When Speaker Thomas P. O’Neill led a delegation of members of the U.S. House of Representatives to Dublin and Belfast in the spring of 1979, he met with Fitt. "Do you think you’ll see a united Ireland in your lifetime?" O’Neill asked. "Sure," Fitt replied jauntily, "—if I live to be 125!"
With Fitt gone, the balance of power within the SDLP shifted toward the more nationalist sections of the province in the west and along the border. Hume, the new party leader, was sensitive to this "greener" mood. He was also responding to the changed atmosphere within the Catholic nationalist community after Bobby Sands and nine other IRA prisoners had died on hunger strikes in 1981. Their ordeal renewed the faded legend of the IRA and reawakened old memories and old bitterness among Catholics, including many who did not normally sympathize with gunmen. Prime Minister Thatcher, by refusing any of the graceful compromises that were offered to her by the Irish Catholic bishops and other intermediaries early in the strike, may be seen by history to have made a major strategic error. The hunger strike was the greatest political and propaganda coup for the IRA in the last decade.
Finally, the SDLP had a symbiotic relationship with the government of the day in Dublin. Fianna Fáil, founded by Éamon De Valéra, has generally been the Republic’s largest party and ostensibly the most nationalist. The opposing coalition of the Fine Gael and Labour Parties takes a sober, less romantic view of the possibilities of national reunification. Prior’s management of the legislation reestablishing the Northern Ireland Assembly, and the subsequent Assembly election campaign, coincided with a brief term in office for an Irish Fianna Fáil government headed by Charles Haughey. It also coincided with the Falklands War. Haughey outraged the British government and British public opinion when he withdrew Ireland’s support for European Community sanctions against Argentina and adopted a neutral stance toward Britain and Argentina. Haughey was an outspoken critic of Prior’s Assembly initiative. His position was that Northern Ireland is a "failed political entity" and that only direct talks between Dublin and London leading to the ultimate reunification of the island can resolve the Northern Ireland problem.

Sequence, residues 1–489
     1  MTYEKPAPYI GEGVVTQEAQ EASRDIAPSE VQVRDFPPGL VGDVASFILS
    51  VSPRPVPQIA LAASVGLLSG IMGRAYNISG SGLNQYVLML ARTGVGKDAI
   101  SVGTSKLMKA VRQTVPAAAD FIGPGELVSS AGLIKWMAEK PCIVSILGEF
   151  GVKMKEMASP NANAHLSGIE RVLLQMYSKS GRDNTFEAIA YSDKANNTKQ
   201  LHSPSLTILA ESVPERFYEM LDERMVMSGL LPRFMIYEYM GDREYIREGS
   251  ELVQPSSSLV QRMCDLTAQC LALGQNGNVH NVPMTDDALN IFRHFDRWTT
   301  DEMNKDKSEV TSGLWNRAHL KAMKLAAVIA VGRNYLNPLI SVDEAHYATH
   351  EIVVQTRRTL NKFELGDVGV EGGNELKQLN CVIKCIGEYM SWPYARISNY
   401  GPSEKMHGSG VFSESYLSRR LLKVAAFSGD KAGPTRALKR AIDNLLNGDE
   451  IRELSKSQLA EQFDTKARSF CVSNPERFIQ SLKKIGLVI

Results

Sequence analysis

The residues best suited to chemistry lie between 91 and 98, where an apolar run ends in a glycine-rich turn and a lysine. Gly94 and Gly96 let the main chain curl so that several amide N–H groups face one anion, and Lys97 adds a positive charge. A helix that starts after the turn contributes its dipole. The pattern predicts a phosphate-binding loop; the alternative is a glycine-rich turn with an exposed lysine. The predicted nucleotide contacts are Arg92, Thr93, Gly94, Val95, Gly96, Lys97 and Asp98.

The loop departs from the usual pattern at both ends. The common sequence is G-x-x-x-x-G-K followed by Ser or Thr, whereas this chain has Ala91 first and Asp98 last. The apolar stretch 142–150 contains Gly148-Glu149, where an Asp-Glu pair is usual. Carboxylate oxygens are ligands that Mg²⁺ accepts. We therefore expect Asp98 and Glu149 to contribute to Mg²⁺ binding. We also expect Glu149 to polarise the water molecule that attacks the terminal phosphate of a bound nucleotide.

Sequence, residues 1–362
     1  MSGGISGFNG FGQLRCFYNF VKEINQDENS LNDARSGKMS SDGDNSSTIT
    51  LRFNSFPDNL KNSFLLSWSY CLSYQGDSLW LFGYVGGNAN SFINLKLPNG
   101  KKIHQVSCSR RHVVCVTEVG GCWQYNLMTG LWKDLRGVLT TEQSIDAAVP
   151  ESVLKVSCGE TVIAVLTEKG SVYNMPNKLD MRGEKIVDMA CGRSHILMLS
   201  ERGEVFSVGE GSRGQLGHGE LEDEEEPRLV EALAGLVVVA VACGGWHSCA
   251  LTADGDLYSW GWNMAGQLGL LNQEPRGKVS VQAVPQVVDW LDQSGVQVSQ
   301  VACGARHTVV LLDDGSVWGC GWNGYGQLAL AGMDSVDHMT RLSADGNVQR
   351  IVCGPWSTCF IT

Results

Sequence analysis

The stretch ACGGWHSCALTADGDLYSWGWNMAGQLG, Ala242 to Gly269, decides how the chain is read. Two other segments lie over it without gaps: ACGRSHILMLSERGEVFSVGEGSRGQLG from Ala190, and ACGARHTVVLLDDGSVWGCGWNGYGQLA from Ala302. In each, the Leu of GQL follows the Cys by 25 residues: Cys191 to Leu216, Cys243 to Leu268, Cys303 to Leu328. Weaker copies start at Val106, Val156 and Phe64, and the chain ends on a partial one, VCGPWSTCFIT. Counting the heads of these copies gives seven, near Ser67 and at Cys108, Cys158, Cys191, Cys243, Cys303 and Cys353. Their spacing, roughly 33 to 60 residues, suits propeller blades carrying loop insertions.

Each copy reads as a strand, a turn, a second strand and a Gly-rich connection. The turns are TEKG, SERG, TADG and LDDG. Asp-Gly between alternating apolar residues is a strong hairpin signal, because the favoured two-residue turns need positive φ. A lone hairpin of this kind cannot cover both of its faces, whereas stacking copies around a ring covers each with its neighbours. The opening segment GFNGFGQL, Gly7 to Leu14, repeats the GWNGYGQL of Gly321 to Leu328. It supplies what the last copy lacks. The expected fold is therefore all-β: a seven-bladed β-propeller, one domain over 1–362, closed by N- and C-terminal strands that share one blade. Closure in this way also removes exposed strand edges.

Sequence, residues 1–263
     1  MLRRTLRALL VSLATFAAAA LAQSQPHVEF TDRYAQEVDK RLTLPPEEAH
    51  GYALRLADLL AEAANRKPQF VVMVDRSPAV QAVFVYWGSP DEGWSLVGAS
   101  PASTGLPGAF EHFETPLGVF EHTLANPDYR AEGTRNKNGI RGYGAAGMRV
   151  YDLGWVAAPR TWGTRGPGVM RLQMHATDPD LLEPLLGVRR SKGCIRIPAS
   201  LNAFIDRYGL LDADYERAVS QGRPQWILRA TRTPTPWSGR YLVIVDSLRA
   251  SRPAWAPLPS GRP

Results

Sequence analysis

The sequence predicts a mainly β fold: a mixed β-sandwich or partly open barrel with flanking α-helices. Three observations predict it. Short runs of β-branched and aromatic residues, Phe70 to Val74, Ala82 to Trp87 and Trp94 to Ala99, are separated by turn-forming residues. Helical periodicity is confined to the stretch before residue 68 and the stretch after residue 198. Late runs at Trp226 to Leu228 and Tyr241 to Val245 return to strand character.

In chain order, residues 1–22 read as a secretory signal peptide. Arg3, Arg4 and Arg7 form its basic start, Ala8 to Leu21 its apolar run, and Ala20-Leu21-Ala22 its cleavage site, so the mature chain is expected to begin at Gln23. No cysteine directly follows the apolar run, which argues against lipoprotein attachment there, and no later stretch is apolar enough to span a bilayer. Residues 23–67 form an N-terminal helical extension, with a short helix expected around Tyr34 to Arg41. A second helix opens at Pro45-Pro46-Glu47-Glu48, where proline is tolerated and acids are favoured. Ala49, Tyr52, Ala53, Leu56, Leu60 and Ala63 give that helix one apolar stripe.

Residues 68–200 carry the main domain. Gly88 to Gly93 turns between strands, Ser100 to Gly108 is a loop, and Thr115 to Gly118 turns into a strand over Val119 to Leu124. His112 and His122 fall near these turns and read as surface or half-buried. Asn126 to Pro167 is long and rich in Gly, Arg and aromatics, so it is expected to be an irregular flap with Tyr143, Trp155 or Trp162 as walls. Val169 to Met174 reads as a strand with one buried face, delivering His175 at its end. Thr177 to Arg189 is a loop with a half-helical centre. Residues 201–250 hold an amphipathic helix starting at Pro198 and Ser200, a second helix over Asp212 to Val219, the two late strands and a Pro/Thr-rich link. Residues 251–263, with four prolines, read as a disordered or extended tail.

If Prime Minister FitzGerald had been in office during this period, it is likely, although not certain, that Hume and the SDLP would have followed FitzGerald’s private view that the new Assembly was worth a try. As it was, moderate nationalist candidates campaigned on the theme that if elected, they would not take their seats unless one of two conditions were met: either a guaranteed power-sharing arrangement with the unionist parties would be worked out, or there would have to be some institutional recognition by Britain of the Republic of Ireland’s role in the governance of the north. Since neither condition was met, the SDLP joined Sinn Fein in boycotting the Assembly. With neither of the nationalist parties participating, the Assembly could not achieve real weight and significance.
Hume turned his attention to the Republic, where he undertook a gigantic effort to organize public opinion and put pressure upon Britain to respond to nationalist demands. His argument was that since the partition of Ireland in 1920, the nationalists from north and south had not set forth their ideas of what a united Ireland would look like and what changes, constitutional, legal, political and economic, would have to take place if unification were to occur. How could lasting peace and stability be achieved in a new Ireland through the democratic process? By what new structures and processes might this objective be achieved?
After a winter of delicate interparty negotiations, the leaders of Fianna Fáil, Fine Gael, Labour and the SDLP met on April 14, 1983, to organize an extended public inquiry called the New Ireland Forum. The four parties together represent over 90 percent of the nationalist population of Ireland, and almost three-quarters of the the island’s total population.